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Kacey Musgraves on 'Deeper Well', finding inspiration and bittersweet transitions

AYESHA RASCOE, HOST:

Kacey Musgraves is out with a new album. It's called "Deeper Well."

(SOUNDBITE OF SONG, "DEEPER WELL")

KACEY MUSGRAVES: (Singing) I've gotten older now. I know how to take care of myself. I found a deeper well.

I think of a well as sort of like a connection to a source - you know, a channel to get to a deeper place that we all need in order to live, to love, to know ourselves. "Deeper Well" is sort of an ode to removing resistance to growth, in whatever way that might mean.

RASCOE: Her last album, "Star-Crossed," focused on a recent divorce. When I talked to Kacey Musgraves last week, she said she's in a much different headspace these days.

MUSGRAVES: I feel very grounded where I'm at. I feel very, like, at peace. I'm in my mid-30s now, and I just went through a little bit of a rough period. But I feel like on the other side of that and, you know, I've learned a lot about myself.

RASCOE: Now, you know, your songwriting can be very direct, very accessible, but very evocative at the same time. I want to play a clip from a song, "Giver / Taker."

(SOUNDBITE OF SONG, "GIVER / TAKER")

MUSGRAVES: (Singing) 'Cause I would give you everything that you wanted. I would never ask for any of it back. And if I could take only as much as I needed, I would take everything you have.

RASCOE: I love that. It definitely - like, that song really stood out to me. But can you talk to me about, as a songwriter, your approach for songs like this?

MUSGRAVES: Well, that one specifically is - it's admitting that you need something from someone that you're really close to. And I think in our modern world, you know, humans need each other. And I think it's brave and vulnerable to admit that you need something from someone. And I've been in relationships before where, you know, my partner was just kind of needless and just didn't - you know, it's, like - it feels good to be needed.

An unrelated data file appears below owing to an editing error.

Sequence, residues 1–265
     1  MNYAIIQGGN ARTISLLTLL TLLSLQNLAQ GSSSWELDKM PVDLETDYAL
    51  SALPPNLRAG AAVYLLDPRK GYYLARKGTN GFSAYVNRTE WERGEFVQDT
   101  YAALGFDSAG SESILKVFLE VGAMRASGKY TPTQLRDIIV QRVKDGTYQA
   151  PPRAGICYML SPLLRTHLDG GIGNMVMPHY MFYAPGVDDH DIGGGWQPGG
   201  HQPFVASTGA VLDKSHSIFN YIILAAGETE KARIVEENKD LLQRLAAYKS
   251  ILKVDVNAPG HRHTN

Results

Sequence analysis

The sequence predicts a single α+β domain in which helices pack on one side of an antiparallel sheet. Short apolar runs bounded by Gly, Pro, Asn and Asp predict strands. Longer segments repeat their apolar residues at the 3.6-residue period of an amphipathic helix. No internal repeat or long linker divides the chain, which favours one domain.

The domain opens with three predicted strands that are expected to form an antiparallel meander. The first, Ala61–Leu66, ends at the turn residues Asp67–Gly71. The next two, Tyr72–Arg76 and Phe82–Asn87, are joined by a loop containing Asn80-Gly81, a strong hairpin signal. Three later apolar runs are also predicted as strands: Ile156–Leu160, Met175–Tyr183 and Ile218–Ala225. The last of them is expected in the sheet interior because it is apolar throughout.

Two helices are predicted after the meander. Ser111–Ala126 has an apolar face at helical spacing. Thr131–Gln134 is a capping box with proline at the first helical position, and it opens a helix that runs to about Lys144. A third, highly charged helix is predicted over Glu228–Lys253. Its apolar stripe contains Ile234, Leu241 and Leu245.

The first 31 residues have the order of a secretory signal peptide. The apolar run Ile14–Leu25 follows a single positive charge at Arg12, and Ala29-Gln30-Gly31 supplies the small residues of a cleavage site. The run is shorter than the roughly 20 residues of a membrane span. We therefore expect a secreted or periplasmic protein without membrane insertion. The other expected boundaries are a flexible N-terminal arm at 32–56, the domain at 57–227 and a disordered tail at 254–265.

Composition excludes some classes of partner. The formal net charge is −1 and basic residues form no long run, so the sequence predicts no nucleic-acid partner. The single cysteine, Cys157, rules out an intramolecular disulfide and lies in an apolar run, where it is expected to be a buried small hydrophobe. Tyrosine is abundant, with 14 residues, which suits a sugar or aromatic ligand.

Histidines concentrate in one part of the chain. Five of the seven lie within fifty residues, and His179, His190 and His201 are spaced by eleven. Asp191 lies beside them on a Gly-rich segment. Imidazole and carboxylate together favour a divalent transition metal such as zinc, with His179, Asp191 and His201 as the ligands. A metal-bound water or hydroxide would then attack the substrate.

(SOUNDBITE OF SONG, "GIVER / TAKER")

MUSGRAVES: (Singing) And if I could take only as much as I needed, I would take everything - I would take everything you had.

I'm always trying to make it as conversational as possible. Like, I really love songs and lyrics that feel like you're talking to somebody else. It doesn't feel overly poetic or it's not trying too hard. It's just - it's saying it super plain. And we've all got these emotions.

RASCOE: You obviously - a very celebrated artist. You've won every Grammy Award in the country genre that there is. You came up as a country artist, but your collaborators really go beyond country. You're touring with a range of folks. Where do you see this album in terms of genre?

MUSGRAVES: Well, it's interesting, right? Like, there's so many blurred genre lines. All this music that's out there, there - you know, it's hard to pin down, like, what exactly something is, you know. And I think - it's hard for me to say. I think this album, like, really leans into, like, a lot of the folk, a little bit of country. There's some Celtic melodies in here. So many areas that country music sort of edges up against and touches, and I kind of like playing with those borders a little bit.

RASCOE: Is there a song that you think on the album that really did a good job of playing with those borders?

MUSGRAVES: I guess "Sway" is a song.

(SOUNDBITE OF SONG, "SWAY")

MUSGRAVES: (Vocalizing).